Saturday, July 20, 2024

Natalia Tymoshenko

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DIPLOMAT MAGAZINE “For diplomats, by diplomats” Reaching out the world from the European Union First diplomatic publication based in The Netherlands Founded by members of the diplomatic corps on June 19th, 2013. Diplomat Magazine is inspiring diplomats, civil servants and academics to contribute to a free flow of ideas through an extremely rich diplomatic life, full of exclusive events and cultural exchanges, as well as by exposing profound ideas and political debates in our printed and online editions.

Interview with Mrs. Natalia Tymoshenko.

By Bonnie Klap, Editor in Chief.

Mrs. Natalia Tymoshenko, the wife  of the Ambassador of Ukraine, is a brave lady. Although she has broken her leg,  she insists we proceed with  the interview and warmly welcomes me in her residence, sitting on the couch with her leg in a cast. She is ready for her first question.

1). Tell us a bit about your background, such as education, profession and family.

“ I come from a family of doctors. My mother and all the relatives from my mother’s side were doctors, as was my father. He was also Member of the Medical Academy, not only in the former USSR, but in  several European countries as well, such as Bulgaria, Poland and Hungary. However, I never saw myself as a doctor and I believe it is always important to do what you want and what you are good at. So I graduated from the National University in Kiev, holding my Masters in Russian language and literature and after a few years I obtained my PhD in Russian language. I have worked as a Professor of Russian language twice  in Austria and for more than 10 years I worked as an Assistant Professor at the Institute of International Relations and International Law, which is where I met Olexander, my husband, who was the Professor of International Relations there. I have  always followed  my husband to his postings: USA, Canada, Singapore and now here in The Netherlands. I have published more than 60 articles, as well as  three books, mostly on Diplomatic Protocol and etiquette and have also participated in radio and TV shows. As for our family, my husband and I celebrated our 25th wedding anniversary this year and both our children live with us here in The Netherlands. Natalia studies Economy and Finance at the University of Amsterdam and our son Alex goes to school  in The Hague. They are both happy here. Natalia worked as a volunteer in an animal shelter and Alex participated in several charity runs.”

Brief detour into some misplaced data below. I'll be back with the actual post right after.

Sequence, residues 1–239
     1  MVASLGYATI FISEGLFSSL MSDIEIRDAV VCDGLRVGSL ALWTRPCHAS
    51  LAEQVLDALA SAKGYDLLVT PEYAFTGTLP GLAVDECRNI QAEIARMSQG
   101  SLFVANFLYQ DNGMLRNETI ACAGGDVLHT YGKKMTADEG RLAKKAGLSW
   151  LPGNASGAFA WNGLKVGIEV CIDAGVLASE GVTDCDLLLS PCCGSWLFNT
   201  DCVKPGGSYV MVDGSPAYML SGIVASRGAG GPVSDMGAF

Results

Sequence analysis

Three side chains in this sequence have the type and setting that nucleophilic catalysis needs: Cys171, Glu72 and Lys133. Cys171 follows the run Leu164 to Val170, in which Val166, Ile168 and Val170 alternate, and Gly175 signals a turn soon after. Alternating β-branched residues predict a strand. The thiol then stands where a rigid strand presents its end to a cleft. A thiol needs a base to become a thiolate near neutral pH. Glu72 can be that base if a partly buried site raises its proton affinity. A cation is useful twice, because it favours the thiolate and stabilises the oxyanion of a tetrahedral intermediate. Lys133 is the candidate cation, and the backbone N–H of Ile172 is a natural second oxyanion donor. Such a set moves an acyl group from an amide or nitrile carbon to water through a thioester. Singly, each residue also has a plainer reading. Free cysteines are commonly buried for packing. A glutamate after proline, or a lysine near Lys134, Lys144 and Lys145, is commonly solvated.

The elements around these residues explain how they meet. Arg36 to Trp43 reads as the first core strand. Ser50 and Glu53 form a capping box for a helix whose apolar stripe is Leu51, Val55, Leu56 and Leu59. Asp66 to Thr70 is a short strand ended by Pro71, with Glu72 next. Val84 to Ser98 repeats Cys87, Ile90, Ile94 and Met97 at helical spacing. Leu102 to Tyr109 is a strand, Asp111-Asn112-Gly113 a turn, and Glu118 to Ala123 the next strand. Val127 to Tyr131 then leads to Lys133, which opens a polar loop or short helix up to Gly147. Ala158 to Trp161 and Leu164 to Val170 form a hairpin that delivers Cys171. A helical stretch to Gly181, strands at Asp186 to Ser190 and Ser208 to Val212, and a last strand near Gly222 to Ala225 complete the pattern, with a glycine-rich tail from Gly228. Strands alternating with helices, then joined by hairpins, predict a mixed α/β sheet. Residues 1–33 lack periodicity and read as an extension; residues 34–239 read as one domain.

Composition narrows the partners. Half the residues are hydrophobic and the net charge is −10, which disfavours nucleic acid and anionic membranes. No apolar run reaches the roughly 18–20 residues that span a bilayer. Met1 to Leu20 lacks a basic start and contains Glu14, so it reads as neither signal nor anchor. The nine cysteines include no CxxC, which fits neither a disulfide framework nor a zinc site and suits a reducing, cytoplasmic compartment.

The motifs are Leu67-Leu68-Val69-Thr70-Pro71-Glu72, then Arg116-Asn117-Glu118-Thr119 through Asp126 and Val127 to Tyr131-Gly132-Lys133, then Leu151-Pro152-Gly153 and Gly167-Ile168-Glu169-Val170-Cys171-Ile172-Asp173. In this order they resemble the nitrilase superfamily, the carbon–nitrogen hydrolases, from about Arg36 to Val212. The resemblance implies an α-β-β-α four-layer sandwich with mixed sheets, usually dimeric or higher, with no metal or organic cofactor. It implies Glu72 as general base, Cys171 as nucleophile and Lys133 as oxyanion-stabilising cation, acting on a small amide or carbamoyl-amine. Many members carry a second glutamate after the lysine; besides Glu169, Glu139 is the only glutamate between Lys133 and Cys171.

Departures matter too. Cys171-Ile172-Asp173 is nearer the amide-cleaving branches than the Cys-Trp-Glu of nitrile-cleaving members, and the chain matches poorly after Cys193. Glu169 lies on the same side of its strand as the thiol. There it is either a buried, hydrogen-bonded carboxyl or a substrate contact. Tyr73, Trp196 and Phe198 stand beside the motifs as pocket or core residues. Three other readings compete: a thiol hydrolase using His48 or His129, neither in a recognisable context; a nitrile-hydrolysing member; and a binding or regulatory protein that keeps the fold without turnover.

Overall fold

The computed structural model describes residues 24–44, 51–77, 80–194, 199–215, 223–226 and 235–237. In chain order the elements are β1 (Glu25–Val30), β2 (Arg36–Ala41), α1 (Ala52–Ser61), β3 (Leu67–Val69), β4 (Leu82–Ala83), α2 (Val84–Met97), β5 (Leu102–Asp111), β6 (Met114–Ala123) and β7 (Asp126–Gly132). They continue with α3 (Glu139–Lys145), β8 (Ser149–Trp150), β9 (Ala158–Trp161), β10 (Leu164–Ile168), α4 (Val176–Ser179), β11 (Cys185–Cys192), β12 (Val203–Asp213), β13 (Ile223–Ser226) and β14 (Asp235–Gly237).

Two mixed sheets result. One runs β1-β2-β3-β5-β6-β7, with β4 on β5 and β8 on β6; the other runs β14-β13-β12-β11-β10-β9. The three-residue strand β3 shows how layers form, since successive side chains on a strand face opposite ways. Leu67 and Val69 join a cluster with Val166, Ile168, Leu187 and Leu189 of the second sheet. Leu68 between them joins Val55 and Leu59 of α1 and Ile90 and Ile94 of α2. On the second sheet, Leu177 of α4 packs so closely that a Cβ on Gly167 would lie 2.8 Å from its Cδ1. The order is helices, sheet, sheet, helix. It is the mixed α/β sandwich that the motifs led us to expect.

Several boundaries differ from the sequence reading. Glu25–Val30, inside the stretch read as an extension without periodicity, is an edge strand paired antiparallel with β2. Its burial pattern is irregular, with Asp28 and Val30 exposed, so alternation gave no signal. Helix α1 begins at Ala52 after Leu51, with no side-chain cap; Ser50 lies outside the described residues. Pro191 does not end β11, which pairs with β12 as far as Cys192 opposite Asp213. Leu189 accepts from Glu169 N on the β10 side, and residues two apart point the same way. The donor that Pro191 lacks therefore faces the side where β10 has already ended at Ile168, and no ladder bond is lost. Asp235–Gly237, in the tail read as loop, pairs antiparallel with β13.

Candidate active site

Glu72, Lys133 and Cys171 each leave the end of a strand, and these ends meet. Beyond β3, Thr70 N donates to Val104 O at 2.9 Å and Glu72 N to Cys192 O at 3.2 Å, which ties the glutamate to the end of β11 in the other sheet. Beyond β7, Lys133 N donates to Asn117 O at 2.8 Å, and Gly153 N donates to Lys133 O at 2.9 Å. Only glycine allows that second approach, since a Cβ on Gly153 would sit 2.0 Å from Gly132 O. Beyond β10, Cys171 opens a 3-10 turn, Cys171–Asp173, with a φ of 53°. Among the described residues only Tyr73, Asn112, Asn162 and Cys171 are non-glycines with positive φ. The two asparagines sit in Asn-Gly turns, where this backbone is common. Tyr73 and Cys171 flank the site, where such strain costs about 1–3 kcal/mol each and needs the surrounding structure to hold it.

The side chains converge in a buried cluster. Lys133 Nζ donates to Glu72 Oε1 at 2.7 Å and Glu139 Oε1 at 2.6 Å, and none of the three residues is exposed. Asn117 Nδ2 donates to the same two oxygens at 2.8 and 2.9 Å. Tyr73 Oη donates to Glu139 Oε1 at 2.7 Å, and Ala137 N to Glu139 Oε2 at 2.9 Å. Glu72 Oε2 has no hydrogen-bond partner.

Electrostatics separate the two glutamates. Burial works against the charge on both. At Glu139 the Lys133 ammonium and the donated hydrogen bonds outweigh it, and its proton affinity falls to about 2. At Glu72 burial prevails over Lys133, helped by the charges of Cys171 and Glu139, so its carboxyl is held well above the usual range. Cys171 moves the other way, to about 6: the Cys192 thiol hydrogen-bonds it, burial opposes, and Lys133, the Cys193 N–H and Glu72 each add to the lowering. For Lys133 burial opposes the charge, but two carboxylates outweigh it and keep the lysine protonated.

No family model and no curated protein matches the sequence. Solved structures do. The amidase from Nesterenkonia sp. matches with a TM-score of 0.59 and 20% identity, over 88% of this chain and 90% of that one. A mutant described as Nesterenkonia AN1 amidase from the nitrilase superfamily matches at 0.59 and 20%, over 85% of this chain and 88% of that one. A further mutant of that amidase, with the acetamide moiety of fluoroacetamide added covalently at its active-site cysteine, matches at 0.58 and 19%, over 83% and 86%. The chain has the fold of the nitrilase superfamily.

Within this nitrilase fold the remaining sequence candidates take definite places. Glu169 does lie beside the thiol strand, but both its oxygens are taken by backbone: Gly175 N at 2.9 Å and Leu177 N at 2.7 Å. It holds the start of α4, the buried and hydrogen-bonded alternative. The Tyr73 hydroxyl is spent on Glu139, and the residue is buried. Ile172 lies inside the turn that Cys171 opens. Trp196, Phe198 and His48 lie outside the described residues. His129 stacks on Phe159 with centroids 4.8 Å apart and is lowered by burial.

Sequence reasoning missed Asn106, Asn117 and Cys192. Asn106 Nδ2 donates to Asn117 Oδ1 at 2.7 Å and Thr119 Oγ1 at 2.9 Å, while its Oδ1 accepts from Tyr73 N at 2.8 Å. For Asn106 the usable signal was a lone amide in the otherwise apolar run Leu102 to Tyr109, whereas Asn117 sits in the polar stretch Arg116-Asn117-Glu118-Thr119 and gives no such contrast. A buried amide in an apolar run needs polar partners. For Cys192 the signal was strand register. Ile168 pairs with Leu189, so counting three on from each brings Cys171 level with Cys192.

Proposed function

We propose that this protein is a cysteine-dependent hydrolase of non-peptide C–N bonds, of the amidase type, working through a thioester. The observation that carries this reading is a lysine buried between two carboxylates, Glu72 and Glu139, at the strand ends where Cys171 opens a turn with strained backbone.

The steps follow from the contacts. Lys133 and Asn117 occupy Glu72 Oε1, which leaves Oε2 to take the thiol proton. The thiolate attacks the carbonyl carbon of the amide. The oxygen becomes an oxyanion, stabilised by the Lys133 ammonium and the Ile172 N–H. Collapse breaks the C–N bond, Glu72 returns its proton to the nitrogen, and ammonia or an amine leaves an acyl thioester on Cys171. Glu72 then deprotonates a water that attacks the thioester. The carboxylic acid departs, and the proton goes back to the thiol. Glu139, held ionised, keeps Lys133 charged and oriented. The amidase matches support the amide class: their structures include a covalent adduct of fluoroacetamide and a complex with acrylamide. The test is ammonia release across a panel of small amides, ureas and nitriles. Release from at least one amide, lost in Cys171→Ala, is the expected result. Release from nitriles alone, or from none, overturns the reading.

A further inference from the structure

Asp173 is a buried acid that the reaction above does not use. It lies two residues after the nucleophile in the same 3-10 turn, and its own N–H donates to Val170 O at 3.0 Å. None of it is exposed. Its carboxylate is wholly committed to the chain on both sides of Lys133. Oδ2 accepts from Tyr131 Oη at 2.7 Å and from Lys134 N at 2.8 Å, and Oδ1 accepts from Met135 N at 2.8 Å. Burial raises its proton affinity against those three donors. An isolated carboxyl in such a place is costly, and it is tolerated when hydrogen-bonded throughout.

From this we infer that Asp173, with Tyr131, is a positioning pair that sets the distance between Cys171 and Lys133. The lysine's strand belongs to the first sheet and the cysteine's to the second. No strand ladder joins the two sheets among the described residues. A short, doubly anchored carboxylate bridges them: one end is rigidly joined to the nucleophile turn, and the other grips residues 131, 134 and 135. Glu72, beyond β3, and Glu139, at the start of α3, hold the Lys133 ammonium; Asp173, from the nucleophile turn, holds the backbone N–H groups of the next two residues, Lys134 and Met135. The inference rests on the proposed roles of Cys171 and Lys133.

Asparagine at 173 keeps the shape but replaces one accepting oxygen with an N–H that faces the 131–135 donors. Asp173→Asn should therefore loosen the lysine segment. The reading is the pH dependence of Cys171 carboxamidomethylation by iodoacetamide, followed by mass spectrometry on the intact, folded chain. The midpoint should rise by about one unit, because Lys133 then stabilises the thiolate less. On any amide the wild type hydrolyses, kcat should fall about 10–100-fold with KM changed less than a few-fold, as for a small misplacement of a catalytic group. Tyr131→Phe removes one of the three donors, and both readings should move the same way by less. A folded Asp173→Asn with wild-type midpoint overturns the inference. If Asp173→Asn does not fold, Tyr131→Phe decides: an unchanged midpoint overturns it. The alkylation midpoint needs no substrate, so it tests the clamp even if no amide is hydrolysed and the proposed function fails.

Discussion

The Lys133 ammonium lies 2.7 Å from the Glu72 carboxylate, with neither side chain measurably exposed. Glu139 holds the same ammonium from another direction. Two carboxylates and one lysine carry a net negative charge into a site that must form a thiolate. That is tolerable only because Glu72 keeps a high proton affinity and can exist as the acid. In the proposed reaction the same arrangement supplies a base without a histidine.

2). You have  now lived in The Netherlands for  several years. Can you share an anecdote with us? Did you experience anything funny, or strange, or unexpected or very original?

“ We are very happy to live here. It is a great country with a rich history, culture and friendly people. I find that there is a very small distance between the various  levels of  Dutch society. For instance, we have met Mr. Rutte, Prime Minister of The Netherlands, who was accompanied by only one person. How different that is from  many other countries! My husband greeted Mr. Rutte and they started to discuss some business. It was as simple as that. I think that was quite extraordinary.  Also I can see that the people here enjoy their life, at the sea, in the café, they know how to cherish life. I love and admire their sense of well-being, which they call ‘gezellig.’”

3). What can you tell us  about the cultural aspects of Ukraine, such as archtitecture, music etc.?

“ Ukraine was populated many centuries BC. It was known by ancient Greeks and Romans and there are still remnants of their settlements here. In our museums we have a great collection of Scythian art, specifically Scythian gold. As for music, Ukraine is well known for its folk songs, classical and pop music. Our language is very melodic. The famous writer Nikolai Gogol was born in Ukraine and the great composer Petr Tchaikovsky was a descendant of the famous Ukrainian Cossack family Tchaika. Regarding architecture, I can mention the Odessa Opera House and the wooden churches in Western Ukraine and certainly the Saint Sophia Cathedral in Kiev, which is on the UNESCO Heritage List, but then again, we could talk for days about Ukrainian culture.”


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